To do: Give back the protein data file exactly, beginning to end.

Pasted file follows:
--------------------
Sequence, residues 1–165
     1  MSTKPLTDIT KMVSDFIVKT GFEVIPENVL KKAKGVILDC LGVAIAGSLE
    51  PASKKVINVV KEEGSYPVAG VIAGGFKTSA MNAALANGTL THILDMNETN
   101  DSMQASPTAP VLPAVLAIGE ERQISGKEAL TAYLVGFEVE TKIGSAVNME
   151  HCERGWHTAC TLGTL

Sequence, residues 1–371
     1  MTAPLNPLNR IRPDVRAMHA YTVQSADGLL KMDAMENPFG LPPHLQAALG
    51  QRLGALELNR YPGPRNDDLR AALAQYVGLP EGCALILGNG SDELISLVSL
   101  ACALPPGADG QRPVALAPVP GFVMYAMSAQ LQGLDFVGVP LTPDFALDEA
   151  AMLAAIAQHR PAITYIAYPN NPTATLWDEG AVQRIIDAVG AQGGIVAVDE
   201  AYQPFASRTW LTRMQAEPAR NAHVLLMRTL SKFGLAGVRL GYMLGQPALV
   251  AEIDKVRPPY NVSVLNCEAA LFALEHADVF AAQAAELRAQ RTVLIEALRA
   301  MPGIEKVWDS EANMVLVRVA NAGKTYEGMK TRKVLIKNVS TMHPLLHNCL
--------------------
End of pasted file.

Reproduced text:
Sequence, residues 1–165
     1  MSTKPLTDIT KMVSDFIVKT GFEVIPENVL KKAKGVILDC LGVAIAGSLE
    51  PASKKVINVV KEEGSYPVAG VIAGGFKTSA MNAALANGTL THILDMNETN
   101  DSMQASPTAP VLPAVLAIGE ERQISGKEAL TAYLVGFEVE TKIGSAVNME
   151  HCERGWHTAC TLGTL

Sequence, residues 1–371
     1  MTAPLNPLNR IRPDVRAMHA YTVQSADGLL KMDAMENPFG LPPHLQAALG
    51  QRLGALELNR YPGPRNDDLR AALAQYVGLP EGCALILGNG SDELISLVSL
   101  ACALPPGADG QRPVALAPVP GFVMYAMSAQ LQGLDFVGVP LTPDFALDEA
   151  AMLAAIAQHR PAITYIAYPN NPTATLWDEG AVQRIIDAVG AQGGIVAVDE
   201  AYQPFASRTW LTRMQAEPAR NAHVLLMRTL SKFGLAGVRL GYMLGQPALV
   251  AEIDKVRPPY NVSVLNCEAA LFALEHADVF AAQAAELRAQ RTVLIEALRA
   301  MPGIEKVWDS EANMVLVRVA NAGKTYEGMK TRKVLIKNVS TMHPLLHNCL